Better access to knowledge and knowledge production has to be reconsidered
as key to successful individual and social mitigation and adaptation strategies
for global change. Indeed, concepts of sustainable development imply a transformation of science towards fostering democratisation of knowledge production and the development of knowledge societies as a strategic goal. This means
to open the process of scientific knowledge production while simultaneously
empowering people to implement their own visions for sustainable development. Advocates of sustainability science support this transformation. In transdisciplinary practice, they advance equity and accountability in the access to
and production of knowledge at the science–society interface. UNESCO points
to advancements, yet Northern dominance persists in knowledge production
as well as in technology design and transfer. Further, transdisciplinary practice
remains experimental and hampered by inadequate and asymmetrically equipped institutions in the North and South and related epistemological and operational obscurity.
To help identify clear, practicable transdisciplinary approaches, I recommend examining the institutional route – i.e., the learning and adaptation process – followed in concrete cases. The transdisciplinary Eastern and Southern
Africa Partnership Programme (1998–2013) is a case ripe for such examination.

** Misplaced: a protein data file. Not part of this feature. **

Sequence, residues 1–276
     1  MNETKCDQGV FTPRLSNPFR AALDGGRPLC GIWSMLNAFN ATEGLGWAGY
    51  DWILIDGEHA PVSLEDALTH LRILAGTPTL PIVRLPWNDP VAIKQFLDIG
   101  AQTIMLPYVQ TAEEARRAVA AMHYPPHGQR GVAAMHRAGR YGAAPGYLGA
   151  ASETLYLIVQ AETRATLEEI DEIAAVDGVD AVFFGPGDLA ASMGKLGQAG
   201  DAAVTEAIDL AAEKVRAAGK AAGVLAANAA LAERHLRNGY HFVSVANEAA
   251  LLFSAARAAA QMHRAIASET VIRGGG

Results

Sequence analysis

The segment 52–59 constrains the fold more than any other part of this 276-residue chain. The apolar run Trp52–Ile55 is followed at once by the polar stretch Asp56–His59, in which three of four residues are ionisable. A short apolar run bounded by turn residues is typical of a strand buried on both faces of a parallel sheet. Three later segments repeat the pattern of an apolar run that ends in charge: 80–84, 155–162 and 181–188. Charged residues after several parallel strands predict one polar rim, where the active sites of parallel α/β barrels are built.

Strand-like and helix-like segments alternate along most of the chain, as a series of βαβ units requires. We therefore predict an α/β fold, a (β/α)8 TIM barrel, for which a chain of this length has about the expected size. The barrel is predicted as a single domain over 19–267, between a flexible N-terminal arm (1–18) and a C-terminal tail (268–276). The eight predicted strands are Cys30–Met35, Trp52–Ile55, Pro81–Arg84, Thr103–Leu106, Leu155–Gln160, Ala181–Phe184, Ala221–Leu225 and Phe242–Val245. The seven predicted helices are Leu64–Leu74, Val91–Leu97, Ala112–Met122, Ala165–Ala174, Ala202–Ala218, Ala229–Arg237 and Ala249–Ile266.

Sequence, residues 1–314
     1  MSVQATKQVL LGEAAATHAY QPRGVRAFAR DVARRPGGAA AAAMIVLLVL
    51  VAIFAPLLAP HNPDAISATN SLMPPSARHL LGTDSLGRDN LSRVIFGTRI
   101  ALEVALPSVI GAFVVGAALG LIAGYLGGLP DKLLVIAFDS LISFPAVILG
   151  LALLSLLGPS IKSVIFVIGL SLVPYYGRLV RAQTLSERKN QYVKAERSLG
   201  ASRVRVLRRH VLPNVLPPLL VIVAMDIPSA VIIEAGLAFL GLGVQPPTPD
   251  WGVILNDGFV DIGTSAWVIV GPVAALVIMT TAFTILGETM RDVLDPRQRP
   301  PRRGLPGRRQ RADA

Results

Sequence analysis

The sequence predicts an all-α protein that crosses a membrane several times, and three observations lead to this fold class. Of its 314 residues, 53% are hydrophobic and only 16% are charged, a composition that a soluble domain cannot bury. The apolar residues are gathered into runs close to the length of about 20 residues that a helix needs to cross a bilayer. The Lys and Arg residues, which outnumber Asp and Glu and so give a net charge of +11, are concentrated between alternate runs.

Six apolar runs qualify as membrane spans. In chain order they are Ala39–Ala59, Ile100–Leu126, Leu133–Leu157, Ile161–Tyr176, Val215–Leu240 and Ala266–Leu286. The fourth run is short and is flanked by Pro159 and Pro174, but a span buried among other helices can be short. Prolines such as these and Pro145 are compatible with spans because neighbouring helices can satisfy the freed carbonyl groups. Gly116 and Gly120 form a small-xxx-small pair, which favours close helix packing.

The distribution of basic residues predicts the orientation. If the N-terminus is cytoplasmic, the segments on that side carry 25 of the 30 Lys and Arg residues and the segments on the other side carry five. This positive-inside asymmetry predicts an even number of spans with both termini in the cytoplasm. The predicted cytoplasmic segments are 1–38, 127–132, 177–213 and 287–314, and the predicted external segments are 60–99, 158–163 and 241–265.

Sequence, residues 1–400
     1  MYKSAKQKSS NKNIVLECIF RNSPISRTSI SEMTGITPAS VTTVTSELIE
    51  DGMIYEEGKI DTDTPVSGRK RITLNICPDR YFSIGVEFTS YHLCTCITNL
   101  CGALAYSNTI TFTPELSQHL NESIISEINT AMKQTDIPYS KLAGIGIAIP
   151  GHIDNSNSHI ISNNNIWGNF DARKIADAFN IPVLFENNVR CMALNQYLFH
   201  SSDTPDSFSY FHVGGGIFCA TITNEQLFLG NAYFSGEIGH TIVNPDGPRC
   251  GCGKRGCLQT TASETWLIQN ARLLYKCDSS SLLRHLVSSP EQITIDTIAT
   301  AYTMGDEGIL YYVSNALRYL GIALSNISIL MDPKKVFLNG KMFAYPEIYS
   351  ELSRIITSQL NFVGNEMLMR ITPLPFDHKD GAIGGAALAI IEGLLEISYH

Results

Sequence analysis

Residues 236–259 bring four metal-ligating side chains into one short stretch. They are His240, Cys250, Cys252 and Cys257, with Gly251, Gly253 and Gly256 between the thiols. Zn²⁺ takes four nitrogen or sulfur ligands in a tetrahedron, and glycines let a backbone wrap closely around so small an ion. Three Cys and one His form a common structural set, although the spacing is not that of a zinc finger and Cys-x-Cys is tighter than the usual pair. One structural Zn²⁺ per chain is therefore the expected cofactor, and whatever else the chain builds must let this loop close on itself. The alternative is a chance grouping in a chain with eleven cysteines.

Understanding transdisciplinarity as an integrative approach, I highlight ESAPP’s
three key principles for a more democratised knowledge production for sustainable development: (1) integration of scientific and “non-scientific” knowledge
systems; (2) integration of social actors and institutions; and (3) integrative learning processes. The analysis reveals ESAPP’s achievements in contributing to
the ethics of poverty alleviation
more democratic knowledge production and South ownership in the realm of
sustainable development.
Session 3b: Responsibilities towards the Poor
José Álvarez, [email protected]
Université Paris Descartes
Who owes what to the very poor? Towards a conception
of meta-responsibility
Iris M. Young in her late work, Responsibility for Justice (2011), gives an account
of social phenomenons like housing deprivation, or some kinds of exploitation that, she claims, are the consequence of structural injustices. They are not
the product of individual wrongful acts or of individual negligence but of something more complex; social processes with multiple factors, that the usual
models of responsibility, that she calls liability models, are unable to grasp.
She puts forward a different one, the social connexion model of responsibility.
Young claims, following her model, that citizens that participated in a process,
buying a product for example, that produces an injustice have a responsibility towards him even if the buyer is not guilty of the exploitation (there would
be the case under the liability model which could be used to judge the factory